The Effect of Vitamin E Supplementation on Muscular Fatigue in Professional Men's Athletics

Yusni Yusni, Amiruddin Amiruddin


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High-intensity exercise (3000-meter runner) contributes to muscle fatigue. Fatigue can be determined by measuring blood lactate levels. Blood lactate levels are a product of anaerobic metabolism. Lactate accumulation due to anaerobic physical activity can inhibit the glycolytic enzyme that affects decreased ATP production, damage of the calcium and sodium pumps in the muscles and causes fatigue. This study aimed to analyze the effect of vitamin E on the level of fatigue through the response of blood lactate levels in the runner 3000 meters. This research was a quasi-experimental research with a pretest-posttest design. Research subjects were 9 volunteer athletes (3000 meters runners) Aceh province, male, and aged 15-20 years. The treatments were vitamin E at a dose of 1x400 IU per day and administered for 14 days. Blood lactate levels were examined using the method of calorimetry. The statistical analysis was using the homogeneity test of variance (Levene's test), the normality test (Kolmogorov-Smirnov test) and paired t-test with a significant level of 5% (p-value<0.05). The results showed that blood lactate levels decreased approximately 13.93% after vitamin E supplementation. There was no significant difference (p=0.27) between blood lactate levels before and after vitamin E supplementation in athletes. In conclusion, vitamin E supplementation did not significantly lower blood lactate levels therefore vitamin E did not significantly reduce muscle fatigue in men's athletics.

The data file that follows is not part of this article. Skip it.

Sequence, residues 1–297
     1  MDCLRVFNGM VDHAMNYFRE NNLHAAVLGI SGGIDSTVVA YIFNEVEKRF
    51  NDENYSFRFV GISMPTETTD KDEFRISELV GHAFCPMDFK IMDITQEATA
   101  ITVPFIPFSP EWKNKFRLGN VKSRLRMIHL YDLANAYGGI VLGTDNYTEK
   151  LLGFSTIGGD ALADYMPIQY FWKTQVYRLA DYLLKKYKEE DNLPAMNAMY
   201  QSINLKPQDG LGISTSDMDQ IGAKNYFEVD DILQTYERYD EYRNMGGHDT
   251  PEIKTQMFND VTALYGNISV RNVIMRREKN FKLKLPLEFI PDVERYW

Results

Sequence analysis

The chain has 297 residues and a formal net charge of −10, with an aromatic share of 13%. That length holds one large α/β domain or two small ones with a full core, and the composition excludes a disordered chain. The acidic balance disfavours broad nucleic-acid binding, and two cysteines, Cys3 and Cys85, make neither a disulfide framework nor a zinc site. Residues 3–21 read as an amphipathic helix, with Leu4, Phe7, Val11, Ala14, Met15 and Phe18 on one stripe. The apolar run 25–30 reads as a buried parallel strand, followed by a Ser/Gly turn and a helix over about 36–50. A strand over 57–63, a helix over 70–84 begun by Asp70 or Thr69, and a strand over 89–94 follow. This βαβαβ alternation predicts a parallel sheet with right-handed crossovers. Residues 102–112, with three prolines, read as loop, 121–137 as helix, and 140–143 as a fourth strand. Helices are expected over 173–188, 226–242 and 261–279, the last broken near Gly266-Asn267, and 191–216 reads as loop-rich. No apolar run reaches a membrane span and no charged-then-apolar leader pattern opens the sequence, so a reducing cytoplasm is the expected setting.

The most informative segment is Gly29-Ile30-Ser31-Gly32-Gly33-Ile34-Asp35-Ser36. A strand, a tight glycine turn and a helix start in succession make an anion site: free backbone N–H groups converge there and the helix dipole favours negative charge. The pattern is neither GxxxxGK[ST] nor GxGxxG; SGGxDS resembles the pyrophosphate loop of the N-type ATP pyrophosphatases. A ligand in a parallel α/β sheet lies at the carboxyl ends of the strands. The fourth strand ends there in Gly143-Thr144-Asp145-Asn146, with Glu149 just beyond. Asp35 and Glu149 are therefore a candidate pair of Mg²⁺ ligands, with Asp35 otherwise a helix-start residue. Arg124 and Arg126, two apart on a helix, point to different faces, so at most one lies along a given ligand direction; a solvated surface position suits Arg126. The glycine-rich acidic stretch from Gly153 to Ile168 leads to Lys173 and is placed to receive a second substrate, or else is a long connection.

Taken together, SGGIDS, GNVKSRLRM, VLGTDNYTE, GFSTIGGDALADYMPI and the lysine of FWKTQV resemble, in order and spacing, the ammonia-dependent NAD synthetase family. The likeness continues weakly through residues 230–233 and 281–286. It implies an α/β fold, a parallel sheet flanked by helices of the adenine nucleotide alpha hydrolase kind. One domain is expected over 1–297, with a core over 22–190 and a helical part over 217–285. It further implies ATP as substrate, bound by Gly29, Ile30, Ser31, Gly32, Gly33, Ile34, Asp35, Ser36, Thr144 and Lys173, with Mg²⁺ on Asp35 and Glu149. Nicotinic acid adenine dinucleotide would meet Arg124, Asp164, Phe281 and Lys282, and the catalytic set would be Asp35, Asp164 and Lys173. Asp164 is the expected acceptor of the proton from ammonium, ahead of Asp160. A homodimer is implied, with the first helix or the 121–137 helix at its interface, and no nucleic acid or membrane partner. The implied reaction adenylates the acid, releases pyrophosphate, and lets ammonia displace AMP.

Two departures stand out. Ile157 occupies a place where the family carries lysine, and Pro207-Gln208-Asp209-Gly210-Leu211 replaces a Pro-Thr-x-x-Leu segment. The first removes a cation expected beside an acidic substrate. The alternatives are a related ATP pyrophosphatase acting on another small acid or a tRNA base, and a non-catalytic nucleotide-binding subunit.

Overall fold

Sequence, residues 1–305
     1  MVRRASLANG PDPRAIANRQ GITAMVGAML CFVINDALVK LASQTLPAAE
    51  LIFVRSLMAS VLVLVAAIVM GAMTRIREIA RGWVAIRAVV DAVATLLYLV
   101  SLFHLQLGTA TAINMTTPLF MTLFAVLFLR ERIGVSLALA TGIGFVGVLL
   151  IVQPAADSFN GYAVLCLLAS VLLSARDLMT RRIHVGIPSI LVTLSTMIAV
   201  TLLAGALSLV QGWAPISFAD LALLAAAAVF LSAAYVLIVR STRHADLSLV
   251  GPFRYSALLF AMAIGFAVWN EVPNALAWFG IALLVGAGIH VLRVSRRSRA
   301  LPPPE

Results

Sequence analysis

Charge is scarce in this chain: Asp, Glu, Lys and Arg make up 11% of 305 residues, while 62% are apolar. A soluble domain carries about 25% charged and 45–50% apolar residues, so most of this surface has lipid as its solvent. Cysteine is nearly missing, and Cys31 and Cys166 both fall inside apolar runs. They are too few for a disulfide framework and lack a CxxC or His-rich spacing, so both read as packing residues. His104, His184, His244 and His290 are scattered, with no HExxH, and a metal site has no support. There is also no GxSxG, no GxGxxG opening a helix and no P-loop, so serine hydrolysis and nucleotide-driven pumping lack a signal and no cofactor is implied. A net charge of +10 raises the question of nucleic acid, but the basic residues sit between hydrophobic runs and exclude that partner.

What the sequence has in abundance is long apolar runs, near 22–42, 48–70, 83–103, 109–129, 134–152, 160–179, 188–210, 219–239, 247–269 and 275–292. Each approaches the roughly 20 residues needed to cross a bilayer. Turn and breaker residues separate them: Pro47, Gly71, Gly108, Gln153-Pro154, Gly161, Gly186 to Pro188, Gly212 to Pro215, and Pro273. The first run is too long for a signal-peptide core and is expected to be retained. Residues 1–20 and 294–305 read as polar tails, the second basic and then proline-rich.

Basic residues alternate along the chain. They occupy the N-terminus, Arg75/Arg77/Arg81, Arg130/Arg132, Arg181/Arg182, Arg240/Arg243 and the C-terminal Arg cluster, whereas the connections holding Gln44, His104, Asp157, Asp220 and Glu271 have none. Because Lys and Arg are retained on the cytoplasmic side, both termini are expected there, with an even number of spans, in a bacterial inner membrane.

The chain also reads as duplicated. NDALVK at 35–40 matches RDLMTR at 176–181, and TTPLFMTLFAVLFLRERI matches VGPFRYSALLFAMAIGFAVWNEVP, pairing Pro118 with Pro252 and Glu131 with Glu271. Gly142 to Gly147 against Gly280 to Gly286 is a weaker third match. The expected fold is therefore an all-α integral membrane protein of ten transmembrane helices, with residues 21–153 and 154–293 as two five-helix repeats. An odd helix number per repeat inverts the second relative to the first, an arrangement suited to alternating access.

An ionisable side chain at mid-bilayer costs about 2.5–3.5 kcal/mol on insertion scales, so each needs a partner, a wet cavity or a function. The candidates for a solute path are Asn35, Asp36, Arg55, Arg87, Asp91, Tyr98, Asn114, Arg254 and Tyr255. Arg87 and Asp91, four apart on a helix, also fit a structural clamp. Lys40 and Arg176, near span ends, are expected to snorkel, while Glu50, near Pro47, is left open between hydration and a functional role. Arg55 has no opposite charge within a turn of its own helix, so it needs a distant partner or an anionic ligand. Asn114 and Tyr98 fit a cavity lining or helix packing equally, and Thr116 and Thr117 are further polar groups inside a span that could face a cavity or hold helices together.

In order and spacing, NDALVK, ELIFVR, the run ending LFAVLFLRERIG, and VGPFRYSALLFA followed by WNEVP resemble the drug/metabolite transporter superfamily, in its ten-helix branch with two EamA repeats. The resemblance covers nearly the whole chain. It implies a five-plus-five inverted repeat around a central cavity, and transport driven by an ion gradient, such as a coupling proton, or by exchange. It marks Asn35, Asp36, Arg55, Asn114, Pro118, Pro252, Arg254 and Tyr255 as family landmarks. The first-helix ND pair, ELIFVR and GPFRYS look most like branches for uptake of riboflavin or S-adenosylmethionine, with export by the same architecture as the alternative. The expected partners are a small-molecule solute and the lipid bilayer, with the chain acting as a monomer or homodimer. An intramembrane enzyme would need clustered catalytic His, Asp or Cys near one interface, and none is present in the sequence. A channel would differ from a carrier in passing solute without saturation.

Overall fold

Antioxidant; vitamin E; fatigue; blood lactate; athlete

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